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Keeping peace in parks
Deputies on horseback patrol around lake
Horse 1 WEB
Forsyth County Sheriff’s Deputy Adam Campbell get horses Lee, left, and Jackson ready for their patrol on a recent Saturday at West Bank Park. The mounted patrol uses specially trained horses in Lake Lanier parks and at shopping centers. - photo by Autumn McBride

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The Forsyth County Sheriff’s Office also offers a free program that teaches safety techniques while horseback riding. For more information, call (770) 205-4544.

The days of the Wild West may be over, but for some members of the Forsyth County Sheriff’s Office, saddling up is still a part of the job.

Created in 2001 as part of the sheriff’s special operations division, the mounted patrol uses specially trained horses in lakeside parks and at shopping centers in the county.

The animals are also used in search-and-rescue efforts.

The patrol’s three thoroughbred Belgian crossbreeds — Sherman, Lee and Jackson — have gone through extensive training that exposes them to all kinds of stimuli.

They can handle gunfire, smoke, sirens, bright lights, large crowds and other potentially stressful situations. They also are trained to handle various types of terrain.

The deputies who ride them work hard to establish trusting relationships with their equine partners.

“We take care of them and we’re the ones who are ultimately responsible for them,” said Sheriff’s Sgt. Eric Silveus. “If you’re not assigned to the unit, you can’t ride.”

Deputies Adam Campbell and Chris Hudson worked with Jackson and Lee during a recent Saturday at West Bank Park on Lake Lanier.

Campbell said deputies watch boat traffic and keep an eye on swimmers to ensure they haven’t ventured out too far in the water.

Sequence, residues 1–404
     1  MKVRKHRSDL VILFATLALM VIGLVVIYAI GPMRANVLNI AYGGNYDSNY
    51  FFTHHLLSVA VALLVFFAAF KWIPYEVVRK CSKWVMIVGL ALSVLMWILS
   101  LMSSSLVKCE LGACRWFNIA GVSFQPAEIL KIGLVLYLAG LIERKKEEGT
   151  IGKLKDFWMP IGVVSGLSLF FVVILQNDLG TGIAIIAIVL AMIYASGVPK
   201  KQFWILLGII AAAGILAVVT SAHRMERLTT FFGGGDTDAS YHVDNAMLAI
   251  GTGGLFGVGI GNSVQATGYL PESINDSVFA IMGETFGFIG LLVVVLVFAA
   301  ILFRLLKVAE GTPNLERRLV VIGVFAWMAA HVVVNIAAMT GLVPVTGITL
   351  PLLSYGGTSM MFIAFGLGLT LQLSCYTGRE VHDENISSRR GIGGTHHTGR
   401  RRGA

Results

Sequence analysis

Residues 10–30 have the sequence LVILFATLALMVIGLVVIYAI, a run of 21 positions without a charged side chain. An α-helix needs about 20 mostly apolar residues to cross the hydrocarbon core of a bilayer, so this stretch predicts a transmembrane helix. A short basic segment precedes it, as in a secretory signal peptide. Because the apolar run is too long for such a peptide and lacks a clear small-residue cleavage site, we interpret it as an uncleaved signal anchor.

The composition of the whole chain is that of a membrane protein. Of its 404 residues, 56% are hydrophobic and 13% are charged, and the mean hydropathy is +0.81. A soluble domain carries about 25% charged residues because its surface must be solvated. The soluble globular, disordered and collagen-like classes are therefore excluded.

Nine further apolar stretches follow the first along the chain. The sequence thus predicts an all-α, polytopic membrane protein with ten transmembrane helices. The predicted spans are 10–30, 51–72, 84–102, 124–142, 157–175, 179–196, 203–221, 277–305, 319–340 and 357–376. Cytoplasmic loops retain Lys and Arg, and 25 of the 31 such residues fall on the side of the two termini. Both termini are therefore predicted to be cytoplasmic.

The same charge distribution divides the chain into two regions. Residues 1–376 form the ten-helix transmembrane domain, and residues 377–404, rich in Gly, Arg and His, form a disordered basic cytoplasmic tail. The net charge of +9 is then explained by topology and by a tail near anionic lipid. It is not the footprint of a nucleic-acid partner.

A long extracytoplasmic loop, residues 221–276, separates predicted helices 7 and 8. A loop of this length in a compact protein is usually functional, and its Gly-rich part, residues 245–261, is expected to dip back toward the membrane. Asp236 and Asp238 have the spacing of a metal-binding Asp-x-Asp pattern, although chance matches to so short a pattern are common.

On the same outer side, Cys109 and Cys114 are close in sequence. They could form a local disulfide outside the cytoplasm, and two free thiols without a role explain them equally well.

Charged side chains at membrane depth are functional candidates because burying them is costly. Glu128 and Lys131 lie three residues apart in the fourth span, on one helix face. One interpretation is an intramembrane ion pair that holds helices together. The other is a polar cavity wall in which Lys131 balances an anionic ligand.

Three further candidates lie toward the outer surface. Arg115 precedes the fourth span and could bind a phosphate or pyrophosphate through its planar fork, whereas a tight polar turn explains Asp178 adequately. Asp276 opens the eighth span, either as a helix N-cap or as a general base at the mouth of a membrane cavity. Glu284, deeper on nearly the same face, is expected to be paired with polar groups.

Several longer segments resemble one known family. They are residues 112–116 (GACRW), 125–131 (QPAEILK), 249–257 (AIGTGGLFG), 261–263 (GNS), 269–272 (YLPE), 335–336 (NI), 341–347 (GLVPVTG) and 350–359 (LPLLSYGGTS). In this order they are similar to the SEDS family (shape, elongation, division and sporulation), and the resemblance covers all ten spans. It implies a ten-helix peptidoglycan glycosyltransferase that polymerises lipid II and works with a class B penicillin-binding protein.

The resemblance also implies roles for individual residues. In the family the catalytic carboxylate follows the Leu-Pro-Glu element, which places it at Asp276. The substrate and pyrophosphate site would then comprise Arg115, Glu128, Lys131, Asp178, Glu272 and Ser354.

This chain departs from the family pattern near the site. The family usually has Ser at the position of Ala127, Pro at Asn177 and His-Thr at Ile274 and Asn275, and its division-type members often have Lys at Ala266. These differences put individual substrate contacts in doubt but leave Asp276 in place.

Although it is prohibited, the deputies said alcohol is an ongoing issue at county and U.S. Army Corps of Engineer lake parks.

“If we can keep the alcohol out of here, we don’t have as many fatalities,” Hudson explained.

Those who are caught with booze are cited and asked to leave.

While they may not seem to be a life-threatening hazard, geese are also carefully watched and shooed away from picnic areas.

At 17.5 hands high and about 1,500 pounds each, the horses were an easy distraction from the water for visitors young and old.

Forsyth County resident Cliff Mattox and his 2-year-old granddaughter, Sailor Campbell, stopped to say hello.

The little girl’s curiosity was clear, but so was her uncertainty.

“She didn’t know what to think,” Mattox said. “She’s never seen one before.”

The deputies said they often encounter people from different parts of the state — and around the world — when they’re working around the lake.

It’s not uncommon for someone to want to get a photograph with one of the horses.

In anticipation of the crowds to come, Janice Sarvis of Johns Creek came to Lanier with a group to celebrate the Independence Day holiday a little early.

As her friends attempted to light a grill for cooking, Sarvis took pictures of Jackson and Lee.

“We love it up here,” she said. “It’s real pretty … those are some pretty horses.”

Diana Martinez and her family, who came to enjoy the lake from nearby Gwinnett County, were surprised to see Jackson and Lee.

“We’ve already come three times this summer,” she said as her son, nephews and niece stood admiring the horses.

“I think they’re huge and very beautiful,” Martinez said.